By Lori Brown
Dallas ISD is still considering asking voters to approve getting $1.6 billion in bonds after Superintendent Mike Miles' departure.
A "Future Facilities Task Force" says the money is needed to build new schools, ease overcrowding and expand early childhood education.
The chair of the task force says Miles' departure is a disruption and causes challenges, but he believes voters can clearly see the need by looking at their neighborhood schools.
"Is it going to be harder to sell a tax increase if you don't have a face for the district?" asked FOX 4's Lori Brown.
"I think we still do have a face," said Craig Reynolds with Future Facilities Task Force. "We have the face of 160,000 children."
Dr. Dora Renaud, principal of Nathan Adams Elementary School, sees some of those faces every day.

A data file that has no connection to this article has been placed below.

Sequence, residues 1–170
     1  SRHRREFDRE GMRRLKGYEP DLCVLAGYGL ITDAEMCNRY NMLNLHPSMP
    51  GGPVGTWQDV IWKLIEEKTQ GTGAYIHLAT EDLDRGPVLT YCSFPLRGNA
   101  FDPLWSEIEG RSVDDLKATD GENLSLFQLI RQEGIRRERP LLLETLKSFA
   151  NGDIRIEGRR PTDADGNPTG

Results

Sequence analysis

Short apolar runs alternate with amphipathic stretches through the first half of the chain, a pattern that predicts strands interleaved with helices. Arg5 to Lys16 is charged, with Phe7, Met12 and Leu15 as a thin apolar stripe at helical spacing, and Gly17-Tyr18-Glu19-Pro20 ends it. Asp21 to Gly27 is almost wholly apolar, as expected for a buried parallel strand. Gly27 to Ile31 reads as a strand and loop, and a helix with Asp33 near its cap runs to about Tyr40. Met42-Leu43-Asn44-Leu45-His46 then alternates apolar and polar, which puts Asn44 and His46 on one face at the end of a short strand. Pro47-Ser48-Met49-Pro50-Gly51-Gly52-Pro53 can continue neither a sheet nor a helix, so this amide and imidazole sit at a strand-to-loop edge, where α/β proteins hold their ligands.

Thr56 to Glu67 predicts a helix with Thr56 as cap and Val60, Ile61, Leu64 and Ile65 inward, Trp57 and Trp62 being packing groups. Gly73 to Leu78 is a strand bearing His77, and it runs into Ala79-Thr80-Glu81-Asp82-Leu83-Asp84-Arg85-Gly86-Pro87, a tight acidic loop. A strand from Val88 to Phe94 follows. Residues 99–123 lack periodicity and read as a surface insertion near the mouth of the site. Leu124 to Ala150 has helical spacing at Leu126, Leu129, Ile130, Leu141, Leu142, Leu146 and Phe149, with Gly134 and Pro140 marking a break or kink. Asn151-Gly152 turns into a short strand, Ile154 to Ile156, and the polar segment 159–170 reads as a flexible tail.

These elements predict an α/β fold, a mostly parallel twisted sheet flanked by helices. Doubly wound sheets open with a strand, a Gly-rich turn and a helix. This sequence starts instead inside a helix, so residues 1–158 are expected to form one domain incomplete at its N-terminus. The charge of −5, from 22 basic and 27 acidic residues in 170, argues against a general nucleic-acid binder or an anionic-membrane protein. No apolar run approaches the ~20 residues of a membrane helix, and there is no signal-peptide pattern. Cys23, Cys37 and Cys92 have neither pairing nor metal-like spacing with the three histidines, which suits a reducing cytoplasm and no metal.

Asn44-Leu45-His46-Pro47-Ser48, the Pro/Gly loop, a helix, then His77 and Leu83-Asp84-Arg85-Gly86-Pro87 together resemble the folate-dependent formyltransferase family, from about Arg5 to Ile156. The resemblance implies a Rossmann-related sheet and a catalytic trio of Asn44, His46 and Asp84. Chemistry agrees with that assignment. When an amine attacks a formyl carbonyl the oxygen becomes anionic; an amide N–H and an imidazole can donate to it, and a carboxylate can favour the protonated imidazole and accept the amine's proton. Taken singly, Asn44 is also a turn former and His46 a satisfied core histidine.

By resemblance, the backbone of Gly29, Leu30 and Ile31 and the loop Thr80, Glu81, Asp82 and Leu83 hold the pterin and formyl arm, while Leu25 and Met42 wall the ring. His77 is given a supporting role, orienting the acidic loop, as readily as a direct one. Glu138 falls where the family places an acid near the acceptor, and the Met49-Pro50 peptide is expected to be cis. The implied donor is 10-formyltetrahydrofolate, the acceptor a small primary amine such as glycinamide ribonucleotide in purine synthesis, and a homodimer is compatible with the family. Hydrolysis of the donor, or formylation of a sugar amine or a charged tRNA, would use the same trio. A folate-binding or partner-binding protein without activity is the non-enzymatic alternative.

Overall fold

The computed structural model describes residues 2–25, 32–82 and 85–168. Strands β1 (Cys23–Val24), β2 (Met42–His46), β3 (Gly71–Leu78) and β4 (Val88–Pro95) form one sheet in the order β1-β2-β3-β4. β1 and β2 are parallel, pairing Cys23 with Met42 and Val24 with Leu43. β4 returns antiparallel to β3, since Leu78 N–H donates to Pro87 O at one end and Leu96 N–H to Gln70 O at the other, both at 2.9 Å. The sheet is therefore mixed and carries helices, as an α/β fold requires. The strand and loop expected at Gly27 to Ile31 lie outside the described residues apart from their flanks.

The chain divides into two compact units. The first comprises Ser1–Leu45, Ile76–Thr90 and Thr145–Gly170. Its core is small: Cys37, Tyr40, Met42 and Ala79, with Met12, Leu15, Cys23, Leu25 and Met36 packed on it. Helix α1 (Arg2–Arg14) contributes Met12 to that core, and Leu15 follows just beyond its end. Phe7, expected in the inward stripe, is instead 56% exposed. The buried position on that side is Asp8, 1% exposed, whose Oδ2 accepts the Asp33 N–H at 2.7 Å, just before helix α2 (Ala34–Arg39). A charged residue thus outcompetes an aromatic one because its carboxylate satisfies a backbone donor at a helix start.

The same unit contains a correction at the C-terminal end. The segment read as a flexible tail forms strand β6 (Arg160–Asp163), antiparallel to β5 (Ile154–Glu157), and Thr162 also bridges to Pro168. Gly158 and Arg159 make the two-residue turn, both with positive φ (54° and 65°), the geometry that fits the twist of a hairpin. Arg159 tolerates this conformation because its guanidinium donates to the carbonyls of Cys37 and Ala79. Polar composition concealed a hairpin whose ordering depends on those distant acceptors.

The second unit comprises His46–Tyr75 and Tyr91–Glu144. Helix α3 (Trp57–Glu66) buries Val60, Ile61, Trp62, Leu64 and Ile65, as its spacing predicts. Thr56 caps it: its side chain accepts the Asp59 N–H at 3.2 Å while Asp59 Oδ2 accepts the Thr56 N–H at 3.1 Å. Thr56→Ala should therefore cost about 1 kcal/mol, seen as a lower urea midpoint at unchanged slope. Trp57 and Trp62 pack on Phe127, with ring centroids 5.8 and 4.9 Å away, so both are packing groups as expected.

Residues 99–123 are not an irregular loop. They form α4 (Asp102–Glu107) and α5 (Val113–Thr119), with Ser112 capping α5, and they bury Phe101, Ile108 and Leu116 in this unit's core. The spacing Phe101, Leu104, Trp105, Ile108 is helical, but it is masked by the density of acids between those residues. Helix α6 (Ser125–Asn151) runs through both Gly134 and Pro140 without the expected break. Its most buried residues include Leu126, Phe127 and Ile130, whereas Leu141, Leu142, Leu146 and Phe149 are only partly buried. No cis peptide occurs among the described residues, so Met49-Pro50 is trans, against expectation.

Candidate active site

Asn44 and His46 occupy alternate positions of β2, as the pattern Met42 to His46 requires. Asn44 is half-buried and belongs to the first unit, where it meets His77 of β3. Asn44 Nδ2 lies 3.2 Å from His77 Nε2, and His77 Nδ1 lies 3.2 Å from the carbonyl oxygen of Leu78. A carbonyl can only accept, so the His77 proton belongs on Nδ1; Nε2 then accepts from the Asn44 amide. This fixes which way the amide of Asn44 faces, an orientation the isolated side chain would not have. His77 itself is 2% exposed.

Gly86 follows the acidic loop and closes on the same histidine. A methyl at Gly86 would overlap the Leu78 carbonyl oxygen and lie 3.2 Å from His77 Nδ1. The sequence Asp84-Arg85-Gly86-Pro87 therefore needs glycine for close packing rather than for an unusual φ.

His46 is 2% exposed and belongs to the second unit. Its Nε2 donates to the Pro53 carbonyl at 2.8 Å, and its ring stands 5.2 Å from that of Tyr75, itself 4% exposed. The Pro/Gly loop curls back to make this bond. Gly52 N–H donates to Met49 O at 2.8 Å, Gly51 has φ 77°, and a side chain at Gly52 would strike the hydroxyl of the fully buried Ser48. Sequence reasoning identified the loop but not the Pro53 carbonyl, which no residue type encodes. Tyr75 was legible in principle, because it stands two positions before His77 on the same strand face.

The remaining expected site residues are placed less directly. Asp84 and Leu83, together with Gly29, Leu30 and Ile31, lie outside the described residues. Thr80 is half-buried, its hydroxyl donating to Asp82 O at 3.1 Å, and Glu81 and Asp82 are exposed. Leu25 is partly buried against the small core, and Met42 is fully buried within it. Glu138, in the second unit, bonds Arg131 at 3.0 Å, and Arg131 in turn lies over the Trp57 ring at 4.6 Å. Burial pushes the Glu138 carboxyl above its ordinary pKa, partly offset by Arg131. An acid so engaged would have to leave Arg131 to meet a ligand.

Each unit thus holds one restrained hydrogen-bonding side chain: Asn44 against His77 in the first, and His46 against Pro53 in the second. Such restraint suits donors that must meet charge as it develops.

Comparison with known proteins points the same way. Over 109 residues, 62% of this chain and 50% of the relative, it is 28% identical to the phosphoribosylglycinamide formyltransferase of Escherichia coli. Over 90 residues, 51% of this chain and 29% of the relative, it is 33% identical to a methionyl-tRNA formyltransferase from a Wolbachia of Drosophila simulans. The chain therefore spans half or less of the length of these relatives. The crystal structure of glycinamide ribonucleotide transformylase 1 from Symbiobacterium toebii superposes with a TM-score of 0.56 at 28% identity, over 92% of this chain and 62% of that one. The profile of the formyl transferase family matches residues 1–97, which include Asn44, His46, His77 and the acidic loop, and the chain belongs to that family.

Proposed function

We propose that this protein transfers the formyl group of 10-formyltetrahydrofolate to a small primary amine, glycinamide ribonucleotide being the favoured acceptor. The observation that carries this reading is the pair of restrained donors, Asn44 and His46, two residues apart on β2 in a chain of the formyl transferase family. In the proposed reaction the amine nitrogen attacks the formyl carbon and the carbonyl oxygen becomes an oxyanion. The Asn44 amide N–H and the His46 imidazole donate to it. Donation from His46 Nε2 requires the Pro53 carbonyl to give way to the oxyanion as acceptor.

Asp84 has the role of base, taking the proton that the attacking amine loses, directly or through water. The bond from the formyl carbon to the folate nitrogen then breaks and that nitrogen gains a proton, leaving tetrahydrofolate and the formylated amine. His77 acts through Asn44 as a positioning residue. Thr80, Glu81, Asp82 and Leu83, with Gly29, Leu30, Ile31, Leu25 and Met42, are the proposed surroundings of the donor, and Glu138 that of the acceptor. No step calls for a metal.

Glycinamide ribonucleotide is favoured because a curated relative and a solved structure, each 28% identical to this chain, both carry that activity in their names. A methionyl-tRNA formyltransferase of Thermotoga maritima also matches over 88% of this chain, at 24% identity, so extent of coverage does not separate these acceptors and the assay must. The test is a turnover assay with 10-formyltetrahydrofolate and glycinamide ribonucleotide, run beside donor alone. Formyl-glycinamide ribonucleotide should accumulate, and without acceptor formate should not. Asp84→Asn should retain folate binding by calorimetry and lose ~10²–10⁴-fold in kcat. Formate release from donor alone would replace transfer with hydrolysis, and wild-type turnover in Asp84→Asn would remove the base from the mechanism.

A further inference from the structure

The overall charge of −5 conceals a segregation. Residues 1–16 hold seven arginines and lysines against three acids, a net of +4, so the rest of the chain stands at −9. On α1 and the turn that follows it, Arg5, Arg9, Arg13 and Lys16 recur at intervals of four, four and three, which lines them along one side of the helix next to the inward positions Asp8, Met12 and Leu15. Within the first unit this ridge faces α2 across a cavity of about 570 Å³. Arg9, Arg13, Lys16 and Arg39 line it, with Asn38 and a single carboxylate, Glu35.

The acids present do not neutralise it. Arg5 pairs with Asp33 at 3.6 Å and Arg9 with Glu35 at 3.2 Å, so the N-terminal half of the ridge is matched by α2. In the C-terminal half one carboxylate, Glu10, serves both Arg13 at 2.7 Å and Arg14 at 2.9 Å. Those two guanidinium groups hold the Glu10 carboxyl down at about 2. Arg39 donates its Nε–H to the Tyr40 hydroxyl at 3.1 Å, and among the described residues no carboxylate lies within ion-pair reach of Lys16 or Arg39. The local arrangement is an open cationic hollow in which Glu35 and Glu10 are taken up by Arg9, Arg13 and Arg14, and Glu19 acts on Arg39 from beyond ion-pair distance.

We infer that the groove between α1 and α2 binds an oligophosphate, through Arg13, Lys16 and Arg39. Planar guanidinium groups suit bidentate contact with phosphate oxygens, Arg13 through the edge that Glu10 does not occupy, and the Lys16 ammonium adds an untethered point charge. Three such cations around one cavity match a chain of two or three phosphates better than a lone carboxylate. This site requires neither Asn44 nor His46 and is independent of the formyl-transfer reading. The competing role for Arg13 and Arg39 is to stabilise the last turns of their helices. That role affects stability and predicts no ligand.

The task force's plan, would involve $1.6 billion generated through bonds and paid for either through a tax ratification election, or the district's general funds, if enough previous debt is retired.
Portables at many schools would be replaced with new buildings.
"That means 9 to 10 classrooms," Renaud said about Nathan Adams Elementary, "And we're going to be using one of the classroom as a STEM lab."
The money would ease overcrowding at roughly 20 percent of Dallas ISD schools.
W.T. White High School was built for 1,800 students, but right now, 2,500 hundred students are crammed in.
Some of the money would also go to expand pre-K. There are 2,700 eligible children who are not enrolled.
"A child's brain is 85 percent developed by the time they is 5 years old," said Reynolds. "By 5 years old is the time when 85 percent of our children first attend school. Why don't we reach out to them earlier?"
Reynolds believes Miles' departure should not be an excuse to wait to answer that question.
The board of trustees is set to decide if it will ask voters to approve bonds or a tax referendum in late August.
The amount of that possible tax increase won't be known until mid-August.